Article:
Engineering and technology: if you grew up in the ‘sixties or ‘seventies it will have been made very clear to you that these were subjects for boys. There were a few famous female engineers, even back then – the likes of Emily Roebling, Martha J Coston and Lillian Gilbreth – but they were treated as rare exceptions and often struggled to get any notice at all. The brilliant Hedy Lamarr, who invented spread spectrum technology, is generally only remembered as an actress. Over time, however, something changed. The pace of technological development increased. Engineers were in greater and greater demand. Big companies became aware that by excluding women they could be missing out on a vital resource.
Changing things in practice wasn’t so easy. It wasn’t enough simply to extend opportunities to women who had never been encouraged to develop the relevant skills. To get into a position to draw on the full pool of available talent, companies had to begin by encouraging girls.
Starting with STEM
Are girls as good at math as boys? That’s an interesting question. Put them in a classroom that’s shared with boys, give them a math test and on average their results will be poorer. Put boys and girls in separate classrooms, give them the same kind of test and their results will be the same. In other words, science has demonstrated that there’s a social effect involved. It appears to be rooted in a lack of confidence which itself emerges from the longstanding assumption that there are some subjects that girls just have no talent for. This same phenomenon probably explains why, in most societies, it’s harder to persuade girls to take up STEM subjects (we don’t see this effect in countries like Iran, where girls and boys are generally educated separately).
Many countries are now making an active effort to encourage more girls to go into STEM subjects. Where they do, the results are promising. We are just seeing the first generation of girls who have had this kind of support take up university places in the UK and Singapore. The hope is that they will go on to seek out careers in engineering and technology, and some recruiters are already targeting them with dedicated campaigns.
In order to encourage girls in this kind of work it’s important to celebrate them when they succeed. U.S. science fairs are now seeing more and more girls presenting award-worthy inventions and the Women in STEM roadshow has had considerable success in identifying and promoting young female talent in India. Events like these give girls role models in their own communities and help them to see engineering as an area in which they could succeed.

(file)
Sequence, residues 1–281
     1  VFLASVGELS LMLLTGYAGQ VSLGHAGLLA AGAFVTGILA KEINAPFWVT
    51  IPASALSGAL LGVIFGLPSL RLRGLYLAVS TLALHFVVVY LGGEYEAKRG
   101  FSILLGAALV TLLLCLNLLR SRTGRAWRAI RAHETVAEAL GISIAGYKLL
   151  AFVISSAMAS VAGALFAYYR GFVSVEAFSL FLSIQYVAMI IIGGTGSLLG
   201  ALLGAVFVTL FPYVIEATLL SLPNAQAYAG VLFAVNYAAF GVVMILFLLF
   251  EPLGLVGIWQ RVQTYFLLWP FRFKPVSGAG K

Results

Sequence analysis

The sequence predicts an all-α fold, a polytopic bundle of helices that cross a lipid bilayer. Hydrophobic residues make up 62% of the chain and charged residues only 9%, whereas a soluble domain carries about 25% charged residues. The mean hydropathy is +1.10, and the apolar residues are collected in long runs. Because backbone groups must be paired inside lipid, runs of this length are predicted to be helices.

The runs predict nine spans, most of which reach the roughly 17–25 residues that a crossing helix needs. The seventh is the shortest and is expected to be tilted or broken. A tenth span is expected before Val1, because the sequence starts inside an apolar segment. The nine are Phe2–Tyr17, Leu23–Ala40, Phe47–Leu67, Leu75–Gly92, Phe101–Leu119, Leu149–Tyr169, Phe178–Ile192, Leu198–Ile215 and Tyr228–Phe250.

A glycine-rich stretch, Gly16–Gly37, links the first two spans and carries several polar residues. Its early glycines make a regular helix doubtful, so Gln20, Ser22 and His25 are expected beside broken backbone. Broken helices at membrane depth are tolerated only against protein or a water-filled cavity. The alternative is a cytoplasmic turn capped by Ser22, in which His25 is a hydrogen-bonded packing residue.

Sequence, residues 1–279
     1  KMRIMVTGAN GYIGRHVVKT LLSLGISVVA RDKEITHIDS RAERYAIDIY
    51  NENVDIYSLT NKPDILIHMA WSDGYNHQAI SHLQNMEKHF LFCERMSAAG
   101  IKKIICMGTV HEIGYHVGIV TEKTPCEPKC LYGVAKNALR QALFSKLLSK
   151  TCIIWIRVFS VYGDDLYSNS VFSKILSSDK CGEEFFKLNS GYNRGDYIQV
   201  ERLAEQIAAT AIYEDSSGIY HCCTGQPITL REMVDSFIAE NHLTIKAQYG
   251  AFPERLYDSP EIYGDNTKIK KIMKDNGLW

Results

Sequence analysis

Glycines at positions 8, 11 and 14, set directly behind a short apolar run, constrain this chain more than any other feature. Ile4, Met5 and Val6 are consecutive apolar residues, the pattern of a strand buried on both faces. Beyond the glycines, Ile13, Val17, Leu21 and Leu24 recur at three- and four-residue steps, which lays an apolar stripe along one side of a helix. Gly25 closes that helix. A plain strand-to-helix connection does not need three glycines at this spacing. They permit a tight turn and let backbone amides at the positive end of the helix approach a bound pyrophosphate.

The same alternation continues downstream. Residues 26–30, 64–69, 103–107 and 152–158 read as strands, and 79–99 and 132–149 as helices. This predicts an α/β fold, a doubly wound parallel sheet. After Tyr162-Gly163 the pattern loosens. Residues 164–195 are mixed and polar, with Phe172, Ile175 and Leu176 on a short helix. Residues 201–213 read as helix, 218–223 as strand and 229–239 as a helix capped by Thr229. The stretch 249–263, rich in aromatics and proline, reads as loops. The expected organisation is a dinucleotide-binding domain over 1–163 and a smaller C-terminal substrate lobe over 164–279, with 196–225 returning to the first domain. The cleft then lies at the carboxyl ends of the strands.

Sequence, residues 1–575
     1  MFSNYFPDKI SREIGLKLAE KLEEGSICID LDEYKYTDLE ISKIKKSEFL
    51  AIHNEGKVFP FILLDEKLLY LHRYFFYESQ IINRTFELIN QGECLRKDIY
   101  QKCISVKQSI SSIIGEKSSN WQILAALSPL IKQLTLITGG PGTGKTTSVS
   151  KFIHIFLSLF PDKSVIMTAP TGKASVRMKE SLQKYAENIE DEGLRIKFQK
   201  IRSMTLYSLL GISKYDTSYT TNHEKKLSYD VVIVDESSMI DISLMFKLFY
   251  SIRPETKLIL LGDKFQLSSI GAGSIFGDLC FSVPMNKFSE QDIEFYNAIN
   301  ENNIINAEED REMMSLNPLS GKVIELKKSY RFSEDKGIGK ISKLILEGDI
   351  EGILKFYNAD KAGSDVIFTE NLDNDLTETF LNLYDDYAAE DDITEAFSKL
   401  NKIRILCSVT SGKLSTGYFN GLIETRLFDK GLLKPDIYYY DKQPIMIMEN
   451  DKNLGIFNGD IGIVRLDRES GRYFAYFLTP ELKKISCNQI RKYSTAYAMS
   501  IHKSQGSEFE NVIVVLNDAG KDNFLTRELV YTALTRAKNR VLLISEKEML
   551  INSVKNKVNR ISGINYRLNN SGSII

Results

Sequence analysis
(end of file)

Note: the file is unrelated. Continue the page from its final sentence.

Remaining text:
Everybody’s familiar with Elson Musk but did you know that one of the most prominent engineers at Tesla is a woman? Meredith Westafer designed the Nevada factory that enables key Tesla products to be manufactured, a process which involved the bespoke development of materials delivery systems and the integration of autonomous delivery robots. It’s the largest factory in the world and without it none of the famous inventions like the lithium ion batteries that power the company’s electric cars would have become reality.
Lady Barbara Judge is an American by birth who worked in senior roles in both the fossil fuel industry and the nuclear power industry in the UK, thereby demonstrating that women can make a name for themselves as managers as well as hands-on innovators. She has been credited with changing the reputation of the nuclear industry at a point when it had become apparent that a shift in energy production methods was vital to mitigate the accelerating risk of climate change. Since stepping down from this role she has continued to invest in technology companies.
Wiratni Budhijanto is leading the world in water treatment technology after developing a system that enables waste water to be processed ten times as efficiently as was possible with previous methods. As it can be used in a comparatively small space and has no notable carbon footprint, it’s particularly practical in today’s society, and low start-up costs make it a great option for countries like Indonesia, where she’s based. Her work demonstrates that ingenuity and application are what really count in the sector, making it possible to achieve even with limited resources.
Women’s progress in engineering and technology is strengthening over time as peer networks help women connect so that they no longer need to feel isolated even if they’re in workplaces where everyone else is male. By supporting one another, sharing ideas and providing inspiration for the next generation, organizations like these can ensure that women’s future in the sector looks bright.